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Filed under Gardening, Kansas, Kansas City, Life, Photography

Have a Nice Trip

View From Bartolome Peak in The Galapagos Islands Poster

With a newly broken toe, I  walked a long trail and climbed 374 steps to the summit of Bartolome Island, which is famous for Pinnacle Rock, a towering obelisk that rises from the shore and is the best known landmark in the Galapagos Islands of Ecuador. I’d broken my toe when I slipped on a wet boat deck, exhausted from snorkeling in deep water, but I wasn’t going to miss this view even though a storm was rolling in. It started to rainhard as our group made its way down.  Amazingly my cameras weren’t damaged. My son took pity on me and carried my heavier camera, and we both protected them as best we could under our shirts. We’d left the camera bags in the boat.

 

Photographs are powerful souvenirs from trips. When we look at a photo that we’ve taken, we remember so much more than what the photograph seems to reveal.  We can relieve the whole experience.

We remember the people we traveled with, even meals we ate that day, the weather, and in my case, the mishaps that occurred while I was taking the photos.  Sometimes, it’s easier to remember the injuries than the many more times I escaped unscathed.   Anyway, I’m not complaining, because every bug bite, black eye, bruise, scraped knee and broken bone was worth it.  I’m lucky I didn’t fall from a cliff or attacked by a wild animal, as has happened to some photographers when they were engrossed in taking a photograph. I’ve had some close calls, such as encountering a tiger snake in Tasmania, Australia, while my friends and I were on a walk. I’m grateful for the opportunity to see and photograph so many wonderful places, animals and people.

 

Surfer at Sunset on Kauai Beach, Niihau on Horizon Poster

As we were driving along a highway in Kauai, Hawaii, my husband pointed out the surfers on this beach, so we stopped, where I took a lot of photographs, including this fabulous sunset over Niihau Island. Afterward, as I was climbing up the rocks to the parking lot, holding a camera in each hand with the straps wrapped around my wrists, I lost my balance and fell on my face. I got a black eye. But I saved my cameras! And look at this photo!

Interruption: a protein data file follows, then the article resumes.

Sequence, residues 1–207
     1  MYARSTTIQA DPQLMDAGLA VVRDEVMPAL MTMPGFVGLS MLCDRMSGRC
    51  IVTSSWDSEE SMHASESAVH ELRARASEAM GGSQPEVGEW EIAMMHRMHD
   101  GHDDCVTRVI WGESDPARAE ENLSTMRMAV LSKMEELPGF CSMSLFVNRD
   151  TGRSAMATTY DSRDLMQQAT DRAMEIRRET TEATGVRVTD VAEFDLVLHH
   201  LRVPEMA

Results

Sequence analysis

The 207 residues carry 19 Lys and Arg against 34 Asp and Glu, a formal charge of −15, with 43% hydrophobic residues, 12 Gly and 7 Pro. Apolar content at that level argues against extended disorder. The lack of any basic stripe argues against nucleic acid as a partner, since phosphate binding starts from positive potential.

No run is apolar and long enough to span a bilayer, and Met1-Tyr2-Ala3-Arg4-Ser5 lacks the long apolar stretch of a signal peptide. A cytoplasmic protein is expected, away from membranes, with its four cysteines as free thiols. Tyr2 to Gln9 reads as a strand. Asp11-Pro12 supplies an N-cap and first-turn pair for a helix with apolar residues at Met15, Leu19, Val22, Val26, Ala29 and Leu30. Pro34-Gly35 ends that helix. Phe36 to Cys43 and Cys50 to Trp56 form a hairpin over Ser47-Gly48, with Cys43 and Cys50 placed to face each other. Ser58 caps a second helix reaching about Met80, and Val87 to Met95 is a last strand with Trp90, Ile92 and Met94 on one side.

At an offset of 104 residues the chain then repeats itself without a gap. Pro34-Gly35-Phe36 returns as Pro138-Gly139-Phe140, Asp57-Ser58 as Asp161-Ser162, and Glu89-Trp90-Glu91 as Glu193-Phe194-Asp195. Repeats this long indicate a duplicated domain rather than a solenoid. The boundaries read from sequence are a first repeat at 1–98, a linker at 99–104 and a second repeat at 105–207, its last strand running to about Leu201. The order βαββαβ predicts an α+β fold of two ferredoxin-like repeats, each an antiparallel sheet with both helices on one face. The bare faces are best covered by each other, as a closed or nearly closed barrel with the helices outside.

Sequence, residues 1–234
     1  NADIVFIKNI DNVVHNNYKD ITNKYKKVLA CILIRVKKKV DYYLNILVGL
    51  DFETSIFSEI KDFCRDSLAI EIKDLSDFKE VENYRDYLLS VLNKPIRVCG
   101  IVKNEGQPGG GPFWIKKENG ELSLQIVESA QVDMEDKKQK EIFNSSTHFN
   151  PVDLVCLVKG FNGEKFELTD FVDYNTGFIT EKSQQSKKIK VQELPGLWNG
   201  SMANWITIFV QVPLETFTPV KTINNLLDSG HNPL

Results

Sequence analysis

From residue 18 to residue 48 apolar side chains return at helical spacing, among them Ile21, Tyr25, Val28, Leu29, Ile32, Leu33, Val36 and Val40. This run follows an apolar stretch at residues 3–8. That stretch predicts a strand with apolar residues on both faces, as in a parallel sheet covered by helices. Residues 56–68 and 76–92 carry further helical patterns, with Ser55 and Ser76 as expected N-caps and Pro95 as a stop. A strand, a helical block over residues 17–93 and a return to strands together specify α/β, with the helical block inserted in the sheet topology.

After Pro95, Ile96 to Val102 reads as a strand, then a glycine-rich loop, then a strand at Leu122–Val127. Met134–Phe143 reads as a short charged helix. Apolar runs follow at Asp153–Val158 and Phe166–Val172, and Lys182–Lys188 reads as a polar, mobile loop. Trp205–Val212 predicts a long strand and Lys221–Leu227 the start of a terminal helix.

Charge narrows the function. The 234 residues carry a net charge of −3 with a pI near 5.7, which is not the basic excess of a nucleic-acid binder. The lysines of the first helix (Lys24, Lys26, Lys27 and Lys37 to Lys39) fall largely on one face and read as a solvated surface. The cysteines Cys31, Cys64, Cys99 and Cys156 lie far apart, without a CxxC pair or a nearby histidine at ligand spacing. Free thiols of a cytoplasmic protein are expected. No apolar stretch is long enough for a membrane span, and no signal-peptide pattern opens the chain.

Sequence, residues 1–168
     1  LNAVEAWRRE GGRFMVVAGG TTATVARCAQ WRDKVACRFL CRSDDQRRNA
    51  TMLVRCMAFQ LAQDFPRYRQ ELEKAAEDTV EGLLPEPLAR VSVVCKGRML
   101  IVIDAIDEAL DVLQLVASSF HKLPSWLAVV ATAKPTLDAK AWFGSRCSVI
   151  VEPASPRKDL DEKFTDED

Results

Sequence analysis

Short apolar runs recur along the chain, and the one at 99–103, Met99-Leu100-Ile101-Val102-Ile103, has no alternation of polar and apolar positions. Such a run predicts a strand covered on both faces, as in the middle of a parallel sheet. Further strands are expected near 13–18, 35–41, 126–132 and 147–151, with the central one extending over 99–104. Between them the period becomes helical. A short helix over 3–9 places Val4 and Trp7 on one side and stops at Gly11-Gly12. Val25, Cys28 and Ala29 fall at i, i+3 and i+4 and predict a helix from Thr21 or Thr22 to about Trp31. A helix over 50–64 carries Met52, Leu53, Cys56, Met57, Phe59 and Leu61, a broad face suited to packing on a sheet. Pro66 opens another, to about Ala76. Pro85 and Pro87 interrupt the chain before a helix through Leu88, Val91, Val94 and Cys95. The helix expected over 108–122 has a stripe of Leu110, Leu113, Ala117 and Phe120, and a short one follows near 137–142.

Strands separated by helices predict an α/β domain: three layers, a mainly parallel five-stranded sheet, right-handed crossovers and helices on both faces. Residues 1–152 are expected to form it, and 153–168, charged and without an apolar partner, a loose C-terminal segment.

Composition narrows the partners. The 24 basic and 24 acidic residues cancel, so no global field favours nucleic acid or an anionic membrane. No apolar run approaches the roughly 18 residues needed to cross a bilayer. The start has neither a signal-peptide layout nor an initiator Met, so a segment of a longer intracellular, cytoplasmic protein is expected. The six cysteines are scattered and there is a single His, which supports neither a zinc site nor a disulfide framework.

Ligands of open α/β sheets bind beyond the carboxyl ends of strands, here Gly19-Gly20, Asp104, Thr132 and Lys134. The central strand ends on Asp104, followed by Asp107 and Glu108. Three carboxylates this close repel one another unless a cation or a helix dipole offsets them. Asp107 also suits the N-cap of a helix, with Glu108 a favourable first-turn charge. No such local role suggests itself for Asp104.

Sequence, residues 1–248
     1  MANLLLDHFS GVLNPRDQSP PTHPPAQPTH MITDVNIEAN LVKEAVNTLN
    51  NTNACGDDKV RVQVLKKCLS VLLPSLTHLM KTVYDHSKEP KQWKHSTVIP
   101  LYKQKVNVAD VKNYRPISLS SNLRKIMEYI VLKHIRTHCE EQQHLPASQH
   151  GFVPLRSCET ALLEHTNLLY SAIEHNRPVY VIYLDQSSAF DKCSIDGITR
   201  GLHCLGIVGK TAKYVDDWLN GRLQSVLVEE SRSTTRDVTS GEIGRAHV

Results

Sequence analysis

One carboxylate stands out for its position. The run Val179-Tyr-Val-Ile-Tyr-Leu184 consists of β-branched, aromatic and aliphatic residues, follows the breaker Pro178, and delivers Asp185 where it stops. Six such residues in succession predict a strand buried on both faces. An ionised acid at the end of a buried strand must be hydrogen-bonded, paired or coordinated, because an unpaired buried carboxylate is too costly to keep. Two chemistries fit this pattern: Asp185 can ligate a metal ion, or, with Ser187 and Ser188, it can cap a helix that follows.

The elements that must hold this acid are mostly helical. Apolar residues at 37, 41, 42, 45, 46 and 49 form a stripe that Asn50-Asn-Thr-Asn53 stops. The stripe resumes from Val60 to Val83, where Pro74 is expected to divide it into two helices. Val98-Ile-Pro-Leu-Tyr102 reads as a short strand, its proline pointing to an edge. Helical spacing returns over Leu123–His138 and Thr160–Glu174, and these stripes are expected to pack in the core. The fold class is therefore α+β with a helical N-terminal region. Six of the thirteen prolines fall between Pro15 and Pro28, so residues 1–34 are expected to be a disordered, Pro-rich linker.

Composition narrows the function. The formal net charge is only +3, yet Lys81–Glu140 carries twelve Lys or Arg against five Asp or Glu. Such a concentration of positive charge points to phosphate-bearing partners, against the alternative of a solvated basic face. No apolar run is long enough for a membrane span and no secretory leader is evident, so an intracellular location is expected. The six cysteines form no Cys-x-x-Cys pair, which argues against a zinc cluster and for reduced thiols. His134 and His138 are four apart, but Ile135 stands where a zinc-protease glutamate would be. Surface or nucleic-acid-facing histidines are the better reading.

Apricot Hybrid Tea Rose With Honeybee Photo Print

I was so intent on photographing roses at the Tyler Municipal Rose Garden during the Texas Rose Festival that I didn’t notice tiny ants crawling over my bare toes in sandals. The ants looked harmless, but they were fire ants. I brushed them off, but it was too late. Wow, their tiny stings hurt for days! Now I know why Texans favor cowboy boots. Cowboy boots are not just for riding horses.

Galapagos Islands Tourists at Tortoise Sanctuary Postcard

Look how smart these tourists are wearing their rubber boots as they listen to their guide talk about giant tortoises in the highlands of Santa Cruz Island in the Galapagos Islands of Ecuador. You can see a giant tortoise in the background on the right. We had just arrived on the Galapagos Islands. It was hot, and I decided against wearing any boots. I thought I’d just wash my flip-flop-clad feet if I stepped into mud. But mud wasn’t the only hazard. As I stood on a trail, I saw tiny ants crawling over my toes. Yes, fire ants again! They’ve invaded the Galapagos Islands! They stung me, and I had to deal with that pain plus sun-burned feet. (And later sun-burned shoulders, too.)

Machu Picchu Overlook, Peru Poster

This is the most iconic view of Machu Picchu in Peru. Even though I took a bus up a steep hill to the entrance, there were a lot of steps to reach this point. Normally, I could have easily walked it, but I was still weak from acute altitude sickness in Cusco, which is at an elevation of 11,152 feet. It was a relief to come down to 7,970 feet at Machu Picchu. I happy to make the journey to this magnificent place, even though I felt so weak. Somehow I managed to take a lot of photos!

Snow Geese Taking off at Squaw Creek Refuge Poster

I have a scar on my knee from scraping my knee when I stepped into a hole at Squaw Creek Wildlife Refuge in Mound City, Missouri. I was hurrying to a viewing stand, not paying attention, and found myself on the ground. “Are you ok,” my friend asked as she helped me up. “More importantly, are your cameras ok?” she joked. My knee was scuffed up, but my cameras were fine! We were there to see the more than a million snow geese that visit the refuge as they migrate, shown in my photograph here. Seeing and hearing the rush of those birds as they lifted en masse into the air was a magnificent experience, worth the pain, although next time I’ll be more careful when I walk!

Bison Cow in Flint Hills, Kansas Postcard